• 5
    @Daan, Stop spreading misinformation. See stackoverflow.com/questions/1049728/… , with the collation you can tell the charset. – Pacerier Aug 20 '15 at 3:56

For databases:

Just use these commands:

USE db_name;
SELECT @@character_set_database;
-- or:
-- SELECT @@collation_database;
SELECT TABLE_SCHEMA,
       TABLE_NAME,
       CCSA.CHARACTER_SET_NAME AS DEFAULT_CHAR_SET,
       COLUMN_NAME,
       COLUMN_TYPE,
       C.CHARACTER_SET_NAME
  FROM information_schema.TABLES AS T
  JOIN information_schema.COLUMNS AS C USING (TABLE_SCHEMA, TABLE_NAME)
  JOIN information_schema.COLLATION_CHARACTER_SET_APPLICABILITY AS CCSA
       ON (T.TABLE_COLLATION = CCSA.COLLATION_NAME)
 WHERE TABLE_SCHEMA=SCHEMA()
   AND C.DATA_TYPE IN ('enum', 'varchar', 'char', 'text', 'mediumtext', 'longtext')
 ORDER BY TABLE_SCHEMA,
          TABLE_NAME,
          COLUMN_NAME
;
  • 1
    A breakdown would be good.............. – Pacerier Aug 20 '15 at 4:02
  • 1
    Very nice, Eric. Just paste that code into the mysql command line, hit return and you get the character set of every column in every table in every database :) – Jerry Krinock Oct 1 '16 at 16:48
  • @JerryKrinock You get every columns of the current database and nothing if no database is selected. – Ortomala Lokni Apr 27 at 8:12

I always just look at SHOW CREATE TABLE mydatabase.mytable.

For the database, it appears you need to look at SELECT DEFAULT_CHARACTER_SET_NAME FROM information_schema.SCHEMATA.

  • 2
    in mysql databases can have default character sets – James Jun 26 '09 at 15:28
  • 3
    select default_character_set_name from information_schema.schemata is not enough because you can't tell which row correlate with which database. Use select default_character_set_name,schema_name from information_schema.schemata or simply: select*from information_schema.schemata. – Pacerier Aug 20 '15 at 4:10
  • I used SELECT * FROM information_schema.SCHEMATA WHERE SCHEMA_NAME = '<database-name>' \G; And it worked great :) Thanks! – Sankalp Nov 6 '15 at 10:41

For tables and columns:

show create table your_table_name
  • 2
    It tells you the full SQL that would be used to create the table as it currently stands, which should include it's character set. – James Jul 14 '12 at 18:09
  • Also, if the column doesn't state a particular charset, then it is using the table's default charset. – Pacerier Aug 20 '15 at 4:03

For databases:

SELECT SCHEMA_NAME 'database', default_character_set_name 'charset', DEFAULT_COLLATION_NAME 'collation' FROM information_schema.SCHEMATA;

Example output:

mysql> SELECT SCHEMA_NAME 'database', default_character_set_name 'charset', DEFAULT_COLLATION_NAME 'collation' FROM information_schema.SCHEMATA;
+----------------------------+---------+--------------------+
| database                   | charset | collation          |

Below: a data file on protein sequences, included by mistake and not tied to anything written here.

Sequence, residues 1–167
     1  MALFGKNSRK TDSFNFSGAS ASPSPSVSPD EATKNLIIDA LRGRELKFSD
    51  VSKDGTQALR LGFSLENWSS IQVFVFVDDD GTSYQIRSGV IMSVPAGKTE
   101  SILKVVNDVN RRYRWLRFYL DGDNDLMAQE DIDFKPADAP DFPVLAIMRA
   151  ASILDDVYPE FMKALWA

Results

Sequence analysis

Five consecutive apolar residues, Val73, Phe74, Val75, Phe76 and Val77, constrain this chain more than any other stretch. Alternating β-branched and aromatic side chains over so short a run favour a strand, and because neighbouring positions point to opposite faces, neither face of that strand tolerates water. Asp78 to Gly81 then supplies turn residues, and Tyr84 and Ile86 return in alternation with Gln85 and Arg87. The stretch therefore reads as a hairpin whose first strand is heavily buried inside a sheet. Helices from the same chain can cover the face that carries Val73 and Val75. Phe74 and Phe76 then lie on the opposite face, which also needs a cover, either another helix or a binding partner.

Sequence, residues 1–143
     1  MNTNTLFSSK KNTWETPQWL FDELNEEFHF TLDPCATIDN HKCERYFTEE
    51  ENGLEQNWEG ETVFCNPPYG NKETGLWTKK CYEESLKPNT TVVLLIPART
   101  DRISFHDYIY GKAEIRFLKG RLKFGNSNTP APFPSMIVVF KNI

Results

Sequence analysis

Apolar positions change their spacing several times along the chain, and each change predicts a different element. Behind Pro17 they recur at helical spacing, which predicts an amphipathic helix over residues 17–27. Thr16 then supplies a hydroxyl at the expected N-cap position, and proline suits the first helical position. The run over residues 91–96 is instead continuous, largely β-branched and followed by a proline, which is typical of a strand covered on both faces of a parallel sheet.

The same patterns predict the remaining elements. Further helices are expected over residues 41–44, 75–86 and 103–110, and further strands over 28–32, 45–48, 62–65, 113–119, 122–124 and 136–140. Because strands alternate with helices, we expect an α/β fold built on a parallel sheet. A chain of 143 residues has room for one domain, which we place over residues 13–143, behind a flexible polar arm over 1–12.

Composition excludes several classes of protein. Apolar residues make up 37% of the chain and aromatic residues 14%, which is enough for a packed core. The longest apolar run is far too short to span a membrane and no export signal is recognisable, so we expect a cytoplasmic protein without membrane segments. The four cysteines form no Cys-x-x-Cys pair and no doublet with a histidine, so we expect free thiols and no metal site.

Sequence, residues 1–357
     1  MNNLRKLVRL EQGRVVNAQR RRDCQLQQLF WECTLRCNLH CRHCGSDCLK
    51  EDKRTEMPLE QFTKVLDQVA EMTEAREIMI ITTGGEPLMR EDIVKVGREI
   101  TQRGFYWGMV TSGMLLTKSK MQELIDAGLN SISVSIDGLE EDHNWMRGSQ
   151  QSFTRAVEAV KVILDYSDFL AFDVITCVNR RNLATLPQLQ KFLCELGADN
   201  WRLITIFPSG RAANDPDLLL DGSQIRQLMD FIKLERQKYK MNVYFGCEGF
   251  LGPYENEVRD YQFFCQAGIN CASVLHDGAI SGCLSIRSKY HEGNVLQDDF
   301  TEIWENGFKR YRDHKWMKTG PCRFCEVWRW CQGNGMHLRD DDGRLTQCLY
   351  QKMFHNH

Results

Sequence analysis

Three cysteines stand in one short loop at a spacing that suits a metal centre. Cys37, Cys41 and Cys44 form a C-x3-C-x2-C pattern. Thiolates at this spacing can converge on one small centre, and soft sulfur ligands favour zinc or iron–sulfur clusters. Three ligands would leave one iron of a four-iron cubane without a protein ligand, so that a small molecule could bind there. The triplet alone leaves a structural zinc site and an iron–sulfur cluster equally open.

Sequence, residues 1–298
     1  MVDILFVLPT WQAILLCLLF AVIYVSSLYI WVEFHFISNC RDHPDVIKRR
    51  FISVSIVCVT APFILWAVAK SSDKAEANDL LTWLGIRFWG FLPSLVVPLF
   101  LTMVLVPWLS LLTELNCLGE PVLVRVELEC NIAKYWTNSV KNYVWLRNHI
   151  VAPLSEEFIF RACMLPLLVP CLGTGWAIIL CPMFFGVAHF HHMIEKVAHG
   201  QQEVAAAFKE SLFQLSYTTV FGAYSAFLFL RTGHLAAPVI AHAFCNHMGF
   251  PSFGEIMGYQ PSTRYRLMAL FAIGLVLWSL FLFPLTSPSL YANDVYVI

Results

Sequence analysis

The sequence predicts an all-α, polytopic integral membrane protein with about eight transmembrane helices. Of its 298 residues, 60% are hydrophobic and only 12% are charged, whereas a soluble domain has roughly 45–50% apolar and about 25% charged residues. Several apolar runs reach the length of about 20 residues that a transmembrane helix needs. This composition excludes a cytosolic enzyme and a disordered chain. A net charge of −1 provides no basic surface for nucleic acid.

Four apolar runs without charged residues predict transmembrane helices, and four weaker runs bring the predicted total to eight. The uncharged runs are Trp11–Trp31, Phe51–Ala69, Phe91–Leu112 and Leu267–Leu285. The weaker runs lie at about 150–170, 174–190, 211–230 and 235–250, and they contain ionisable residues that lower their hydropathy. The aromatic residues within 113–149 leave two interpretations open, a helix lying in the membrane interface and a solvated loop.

+----------------------------+---------+--------------------+
| information_schema         | utf8    | utf8_general_ci    |
| drupal_demo1               | utf8    | utf8_general_ci    |
| drupal_demo2               | utf8    | utf8_general_ci    |
| drupal_demo3               | utf8    | utf8_general_ci    |
| drupal_demo4               | utf8    | utf8_general_ci    |
| drupal_demo5               | latin1  | latin1_swedish_ci  |

...

+----------------------------+---------+--------------------+
55 rows in set (0.00 sec)

mysql> 

For databases:

SHOW CREATE DATABASE "DB_NAME_HERE";

In creating a Database (MySQL), default character set/collation is always LATIN, instead that you have selected a different one on initially creating your database

  • 3
    Citation needed for "default character set/collation is always LATIN" in MySQL. – Pacerier Aug 20 '15 at 4:20
  • Citation needed? Have you ever used a MySQL database? Everyone knows that the default character set/collation is latin1_swedish_ci because Monty Widenius, the creator of MySQL, is Swedish and was not thinking as Big Picture as he should have when he started. – Spencer Williams Feb 21 '17 at 20:07

To see default collation of the database:

USE db_name;
SELECT @@character_set_database, @@collation_database;

To see collation of the table:

SHOW TABLE STATUS where name like 'table_name';

To see collation of the columns:

SHOW FULL COLUMNS FROM table_name;

As many wrote earlier, SHOW FULL COLUMNS should be the preferred method to get column information. What's missing is a way to get charset after that without reaching metadata tables directly:

SHOW FULL COLUMNS FROM my_table WHERE Field = 'my_field'
SHOW COLLATION WHERE Collation = 'collation_you_got'

Your Answer

 

By clicking "Post Your Answer", you acknowledge that you have read our updated terms of service, privacy policy and cookie policy, and that your continued use of the website is subject to these policies.

Not the answer you're looking for? Browse other questions tagged or ask your own question.